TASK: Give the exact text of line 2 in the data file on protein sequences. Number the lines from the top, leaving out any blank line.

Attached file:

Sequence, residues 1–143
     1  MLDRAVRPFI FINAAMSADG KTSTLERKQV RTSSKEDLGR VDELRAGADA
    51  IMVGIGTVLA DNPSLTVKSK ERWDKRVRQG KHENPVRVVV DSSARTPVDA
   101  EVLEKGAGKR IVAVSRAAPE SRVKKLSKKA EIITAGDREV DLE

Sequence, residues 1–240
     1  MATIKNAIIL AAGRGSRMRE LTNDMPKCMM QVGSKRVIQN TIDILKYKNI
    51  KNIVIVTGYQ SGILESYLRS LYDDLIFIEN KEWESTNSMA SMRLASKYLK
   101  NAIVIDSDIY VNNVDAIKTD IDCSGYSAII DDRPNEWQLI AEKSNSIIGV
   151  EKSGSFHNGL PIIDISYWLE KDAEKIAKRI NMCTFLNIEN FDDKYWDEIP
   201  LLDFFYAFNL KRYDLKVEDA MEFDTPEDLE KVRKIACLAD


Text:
     1  MLDRAVRPFI FINAAMSADG KTSTLERKQV RTSSKEDLGR VDELRAGADA